Sunday, December 29, 2013

Windows Server 2012 - Active Directory - NTDSUTIL, part 1

The NTDSUTIL tool can be used for various operations concerning Active Directory and the ntds.dit database. Some of the more familiar uses are transferring - or seizing - FSMO roles and restoring Active Directory objects.
Based on experiences with the ESEUTIL tool used on Exchange databases, I wanted to learn more about maintenance of the ntds.dit database with NTDSUTIL.
After some research and consultation, it looks like executing the commands that follow are usually not part of a scheduled maintenance plan. In general, the Active Directory database is rather robust and errors are not common. When they do occur, it is most often due to hardware errors such as bad blocks on a disk or perhaps improper shutdown.
In comparison, I encountered "SLINK" (Event ID 1025) errors in Exchange from time to time and was advised to run the following command:

Isinteg -test -alltests

If there were warnings or errors, we would attempt to resolve them with this command:

Isinteg -fix -test -alltests

I would also test database integrity with eseutil /g

The database would have to be indicated in either case but since that is not the subject of this post, I'm not going to provide all the details. The subject has been discussed more than once in the Exchange TechNet forums:

Error on database - EventID 1025 SLINK::ecupdate

So... how could we verify the health of the Active Directory ntds.dit database?

NTDSUTIL - general observations

If we have not used the NTDSUTIL tool since Windows 2003, the syntax (that changed with Windows 2008 already) may confuse us.
What if I want to verify the checksum of the ntds.dit database? I'll present that in just a moment but for now, let's simply attempt to run the command:

PS C:\> ntdsutil
C:\Windows\system32\ntdsutil.exe: files
Active Instance not set. To set an active instance use "Activate Instance ".
C:\Windows\system32\ntdsutil.exe: activate instance ntds
Active instance set to "ntds".
C:\Windows\system32\ntdsutil.exe: files
Service "NTDS" is running. Stop the service before binding to this Active Directory database.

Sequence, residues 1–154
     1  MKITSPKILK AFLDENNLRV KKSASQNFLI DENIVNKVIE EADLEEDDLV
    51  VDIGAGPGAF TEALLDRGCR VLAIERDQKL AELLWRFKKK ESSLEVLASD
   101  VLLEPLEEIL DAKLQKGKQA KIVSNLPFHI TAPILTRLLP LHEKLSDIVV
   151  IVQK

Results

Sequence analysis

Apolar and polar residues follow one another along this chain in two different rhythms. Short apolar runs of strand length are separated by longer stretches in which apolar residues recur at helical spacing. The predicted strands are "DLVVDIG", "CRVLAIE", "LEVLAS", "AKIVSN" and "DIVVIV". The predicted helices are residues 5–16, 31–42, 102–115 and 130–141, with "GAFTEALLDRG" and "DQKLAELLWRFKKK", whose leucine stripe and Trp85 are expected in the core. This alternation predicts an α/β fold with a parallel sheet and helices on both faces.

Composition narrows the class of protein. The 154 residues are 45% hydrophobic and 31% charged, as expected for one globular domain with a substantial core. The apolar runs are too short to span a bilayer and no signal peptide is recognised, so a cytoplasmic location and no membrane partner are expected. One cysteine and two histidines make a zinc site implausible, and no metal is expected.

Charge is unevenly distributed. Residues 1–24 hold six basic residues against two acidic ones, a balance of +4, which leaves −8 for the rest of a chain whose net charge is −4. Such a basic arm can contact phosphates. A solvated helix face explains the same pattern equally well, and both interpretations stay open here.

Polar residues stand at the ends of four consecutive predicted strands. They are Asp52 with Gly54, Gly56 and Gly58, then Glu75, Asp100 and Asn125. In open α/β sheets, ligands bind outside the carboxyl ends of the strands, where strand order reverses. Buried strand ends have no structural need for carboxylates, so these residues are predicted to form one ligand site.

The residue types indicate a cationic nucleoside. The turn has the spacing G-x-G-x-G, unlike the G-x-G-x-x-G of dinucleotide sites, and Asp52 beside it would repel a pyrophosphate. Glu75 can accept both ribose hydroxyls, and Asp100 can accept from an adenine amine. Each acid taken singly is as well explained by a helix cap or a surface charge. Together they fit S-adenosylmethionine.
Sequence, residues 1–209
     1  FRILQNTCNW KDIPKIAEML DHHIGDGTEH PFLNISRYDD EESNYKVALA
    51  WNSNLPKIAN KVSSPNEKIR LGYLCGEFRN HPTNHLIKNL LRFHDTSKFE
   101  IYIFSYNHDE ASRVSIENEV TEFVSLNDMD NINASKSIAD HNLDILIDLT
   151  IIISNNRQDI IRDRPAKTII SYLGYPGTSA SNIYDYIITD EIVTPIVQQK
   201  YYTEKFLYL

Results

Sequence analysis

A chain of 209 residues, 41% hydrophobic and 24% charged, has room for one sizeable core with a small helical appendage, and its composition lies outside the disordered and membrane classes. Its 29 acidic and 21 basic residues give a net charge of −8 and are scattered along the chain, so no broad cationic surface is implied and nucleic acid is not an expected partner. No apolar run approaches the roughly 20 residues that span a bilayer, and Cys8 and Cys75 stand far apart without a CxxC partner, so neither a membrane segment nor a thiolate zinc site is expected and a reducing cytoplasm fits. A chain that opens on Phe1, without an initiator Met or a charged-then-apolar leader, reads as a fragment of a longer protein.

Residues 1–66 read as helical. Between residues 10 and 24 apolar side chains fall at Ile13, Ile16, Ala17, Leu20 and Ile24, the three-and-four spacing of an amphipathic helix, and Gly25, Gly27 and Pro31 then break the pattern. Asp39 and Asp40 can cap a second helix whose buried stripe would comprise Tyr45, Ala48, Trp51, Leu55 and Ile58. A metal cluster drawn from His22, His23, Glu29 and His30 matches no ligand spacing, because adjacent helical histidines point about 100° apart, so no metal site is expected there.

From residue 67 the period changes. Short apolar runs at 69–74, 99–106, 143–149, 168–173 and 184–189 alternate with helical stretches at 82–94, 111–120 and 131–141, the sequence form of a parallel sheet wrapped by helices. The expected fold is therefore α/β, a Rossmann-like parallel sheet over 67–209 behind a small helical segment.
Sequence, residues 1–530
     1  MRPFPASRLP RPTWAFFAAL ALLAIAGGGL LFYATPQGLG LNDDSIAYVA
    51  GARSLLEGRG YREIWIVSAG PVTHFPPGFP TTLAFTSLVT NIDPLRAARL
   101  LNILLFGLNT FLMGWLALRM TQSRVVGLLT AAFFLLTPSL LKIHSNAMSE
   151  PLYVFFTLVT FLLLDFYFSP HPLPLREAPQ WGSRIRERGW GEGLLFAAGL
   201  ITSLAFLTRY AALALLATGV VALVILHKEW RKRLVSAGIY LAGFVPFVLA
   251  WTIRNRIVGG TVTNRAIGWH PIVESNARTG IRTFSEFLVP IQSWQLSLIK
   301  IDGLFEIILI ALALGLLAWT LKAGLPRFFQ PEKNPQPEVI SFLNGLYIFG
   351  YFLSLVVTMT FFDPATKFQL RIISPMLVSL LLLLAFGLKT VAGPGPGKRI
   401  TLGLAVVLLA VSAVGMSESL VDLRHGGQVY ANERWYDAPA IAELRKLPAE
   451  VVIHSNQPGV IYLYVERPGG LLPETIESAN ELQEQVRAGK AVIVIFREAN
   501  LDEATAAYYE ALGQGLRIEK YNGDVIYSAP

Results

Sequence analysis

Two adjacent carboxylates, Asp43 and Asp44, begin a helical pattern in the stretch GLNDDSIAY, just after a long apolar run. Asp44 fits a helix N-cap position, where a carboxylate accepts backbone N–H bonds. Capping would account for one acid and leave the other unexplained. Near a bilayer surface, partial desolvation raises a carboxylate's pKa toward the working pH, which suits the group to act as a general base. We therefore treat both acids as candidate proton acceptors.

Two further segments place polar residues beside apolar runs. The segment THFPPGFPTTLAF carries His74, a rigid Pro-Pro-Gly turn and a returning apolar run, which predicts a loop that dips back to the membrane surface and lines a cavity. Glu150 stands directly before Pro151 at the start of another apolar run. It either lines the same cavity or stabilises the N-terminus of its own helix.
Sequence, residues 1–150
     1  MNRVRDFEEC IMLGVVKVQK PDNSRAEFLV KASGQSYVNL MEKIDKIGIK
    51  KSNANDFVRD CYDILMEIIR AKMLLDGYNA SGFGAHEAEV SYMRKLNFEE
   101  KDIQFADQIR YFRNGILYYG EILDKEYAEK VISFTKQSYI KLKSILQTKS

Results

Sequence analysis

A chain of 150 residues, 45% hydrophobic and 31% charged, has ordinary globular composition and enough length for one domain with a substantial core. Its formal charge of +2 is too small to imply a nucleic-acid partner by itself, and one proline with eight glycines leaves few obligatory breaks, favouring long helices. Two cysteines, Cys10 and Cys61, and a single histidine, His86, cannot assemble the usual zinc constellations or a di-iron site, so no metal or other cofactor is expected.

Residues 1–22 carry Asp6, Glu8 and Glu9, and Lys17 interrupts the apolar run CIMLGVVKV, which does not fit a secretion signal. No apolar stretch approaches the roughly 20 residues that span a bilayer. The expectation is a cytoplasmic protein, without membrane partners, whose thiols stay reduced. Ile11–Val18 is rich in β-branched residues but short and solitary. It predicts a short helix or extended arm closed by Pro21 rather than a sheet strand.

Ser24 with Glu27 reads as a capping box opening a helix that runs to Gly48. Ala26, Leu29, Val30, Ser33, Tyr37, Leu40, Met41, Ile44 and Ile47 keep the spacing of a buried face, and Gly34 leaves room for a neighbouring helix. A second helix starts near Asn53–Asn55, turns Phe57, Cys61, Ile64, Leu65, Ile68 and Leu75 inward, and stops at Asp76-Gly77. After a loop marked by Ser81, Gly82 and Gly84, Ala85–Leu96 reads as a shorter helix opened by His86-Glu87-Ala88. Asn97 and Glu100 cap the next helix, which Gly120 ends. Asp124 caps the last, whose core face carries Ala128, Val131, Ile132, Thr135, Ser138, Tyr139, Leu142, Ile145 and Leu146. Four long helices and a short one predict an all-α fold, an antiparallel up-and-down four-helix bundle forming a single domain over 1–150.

Here we encounter two obstacles (highlighted in red above).

First, since Windows 2008, we have to "activate" an "instance" of ntds before we can execute any commands.

Second, as with Windows 2003 (and 2000), we cannot run NTDSUTIL against an active database (except to change the Directory Service Restore Mode  password - we'll see that later). But, unlike with Windows 2003, at least we no longer need to boot into DSRM. We can stop and start Active Directory, and more precisely the NTDS service, without restarting the entire server.

For years, I would use the following combination to stop and start services (NTDS in this case):

net stop ntds
net start ntds

These commands function but there are some obstacles:

PS C:\> net stop ntds

The following services are dependent on the Active Directory Domain Services service.
Stopping the Active Directory Domain Services service will also stop these services.

   Kerberos Key Distribution Center
   Intersite Messaging
   DNS Server
   DFS Replication

Do you want to continue this operation? (Y/N) [N]: Y

The Kerberos Key Distribution Center service was stopped successfully.
The Intersite Messaging service is stopping.
The Intersite Messaging service was stopped successfully.

The DNS Server service is stopping.
The DNS Server service was stopped successfully.

.The DFS Replication service was stopped successfully.
The Active Directory Domain Services service is stopping.
The Active Directory Domain Services service was stopped successfully.

After running the NTDSUTIL commands (that we'll see in a second - I promise!), we would have to restart the Active Directory Domain Services:

PS C:\> net start ntds

The Active Directory Domain Services service is starting...
The Active Directory Domain Services service was started successfully.


But what about the other services that were stopped?